Ratalaika Games, for so long the purveyors of cheap games with easy achievements, have been branching out in recent months, with varying degrees of success. There has been the rather good Jisei: The First Case HD, and the not so good Nicole. However, it appears that they have got their groove back with the release of Tamiku, a game that looks like a love letter to the sort of experience I used to play on my ZX Spectrum back in the day. But does returning to their roots make for a fun gaming experience, or is this purely another simple achievement grab?
The story of Tamiku isn’t going to give Final Fantasy any sleepless nights. Tamiku is an alien, who loves to pop balloons, and he has popped all the balloons on his planet. So, what else can he do but jump in his spaceship and go in search of another planet with a plentiful amount of balloons to burst? Well, nothing it seems, as that’s exactly what he does. What this translates to in a gaming sense is a series of single screen levels, each with various platforms to jump up and climb down, a lot of balloons, and some other creatures who, on balance, would like their balloons to remain unmolested.
Now, the balloons that Tamiku has to pop come in two flavours: blue ones are popped by simply walking into them, whilst the red ones require a different technique – you have to press the “X” button multiple times on the spot where the red balloons are to burst them. Now that may seem easy, but it isn’t when you have various baddies out for blood. What this all therefore translates to is a case of jumping about the screen, bursting balloons, and avoiding critters, and in later levels the projectiles of said critters. And that’s pretty much it in a nutshell. Thankfully to break things up a bit there are bonus levels, which come around after three levels or so. In this bonus screen, you again have to burst balloons, but this time Tamiku has a balloon backpack of his own, and is able to then float around the screen, bursting to his heart’s content. There’s no danger in these levels either – it really is a case of just getting on with bursting as many balloons as you can.
Graphically, Tamiku has a lovely retro look, so much so that it has reminded me of games like Manic Miner from way back in the day. Obviously, the sprites no longer change colour to match the backdrop they are against, but it’s fair to say that my Xbox One X didn’t ever break into a sweat running this game. The sound is all period correct too; bleepy and bloopy sounding just about right. In fact, presentation-wise I have no complaints at all and it’s a similar case in terms of the control scheme – simple as it is, it is well up to the job in hand.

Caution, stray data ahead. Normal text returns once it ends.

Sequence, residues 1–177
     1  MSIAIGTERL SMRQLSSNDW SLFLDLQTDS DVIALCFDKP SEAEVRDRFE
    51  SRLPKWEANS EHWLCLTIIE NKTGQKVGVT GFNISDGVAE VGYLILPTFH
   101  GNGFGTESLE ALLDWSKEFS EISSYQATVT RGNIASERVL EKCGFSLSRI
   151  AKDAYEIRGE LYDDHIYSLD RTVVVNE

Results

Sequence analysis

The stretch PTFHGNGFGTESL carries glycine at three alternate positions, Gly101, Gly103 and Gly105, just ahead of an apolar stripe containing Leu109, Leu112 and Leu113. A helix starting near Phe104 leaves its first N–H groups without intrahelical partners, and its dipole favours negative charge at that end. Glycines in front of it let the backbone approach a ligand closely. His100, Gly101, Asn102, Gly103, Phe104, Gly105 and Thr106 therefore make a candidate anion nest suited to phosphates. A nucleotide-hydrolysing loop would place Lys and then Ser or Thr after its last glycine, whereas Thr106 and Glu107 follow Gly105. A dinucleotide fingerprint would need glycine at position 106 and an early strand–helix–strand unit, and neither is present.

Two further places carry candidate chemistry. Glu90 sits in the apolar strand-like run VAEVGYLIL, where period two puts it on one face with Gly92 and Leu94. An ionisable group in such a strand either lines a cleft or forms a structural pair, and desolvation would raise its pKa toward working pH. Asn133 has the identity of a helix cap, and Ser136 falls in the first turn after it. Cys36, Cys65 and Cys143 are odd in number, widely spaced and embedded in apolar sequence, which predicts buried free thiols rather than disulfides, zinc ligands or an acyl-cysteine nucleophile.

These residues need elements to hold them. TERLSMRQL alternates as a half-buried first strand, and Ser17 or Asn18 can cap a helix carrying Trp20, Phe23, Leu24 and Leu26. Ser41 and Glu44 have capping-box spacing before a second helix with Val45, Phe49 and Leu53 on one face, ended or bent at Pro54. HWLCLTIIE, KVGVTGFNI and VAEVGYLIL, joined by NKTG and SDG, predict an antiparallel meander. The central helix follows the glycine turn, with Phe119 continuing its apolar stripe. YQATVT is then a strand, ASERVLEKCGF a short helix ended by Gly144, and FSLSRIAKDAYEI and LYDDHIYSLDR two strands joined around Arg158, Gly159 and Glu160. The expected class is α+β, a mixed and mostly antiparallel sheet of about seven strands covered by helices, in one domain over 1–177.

And this then is the sum total of Tamiku – pop some balloons until you can pop no more. To complement the gameplay there are also some snazzy Xbox achievements to grab – points given for popping a balloon, for finishing each stage, and more still for finishing a bonus level. And as there are only eight levels to go at, it’s pretty safe to say that finding a conclusion in Tamiku won’t take you long. Without a word of a lie, I made myself a coffee, sat down for a session of balloon popping madness and found myself having taken home every single achievement possible in the time it took for the brew to cool down. With less than 20 minutes on the clock, and the full 1000G and 11 achievements later, I was done with the game.
You see, once you make your way through all the levels, the game restarts from the beginning, but with more red balloons. But by this time any desire to play has all but evaporated with the last ping of the final achievement unlocking. I have a real issue with the way that these games give achievements, if I’m honest; cheap, fun little games that give up all the sweet G in one playthrough rarely provide any reason to continue playing. Tamiku is a fine case in point.
All this means that for achievement hunters, a purchase of Tamiku on Xbox One is a no brainer. Minimal time investment plus maximum points score most certainly equals a win. For the rest of us, those looking for a game that’s fun to play, this is a much harder sell. While it lasts, it’s fun, there’s no two ways about it, but your time with Tamiku is ultimately over way too soon – and to me that’s a real shame.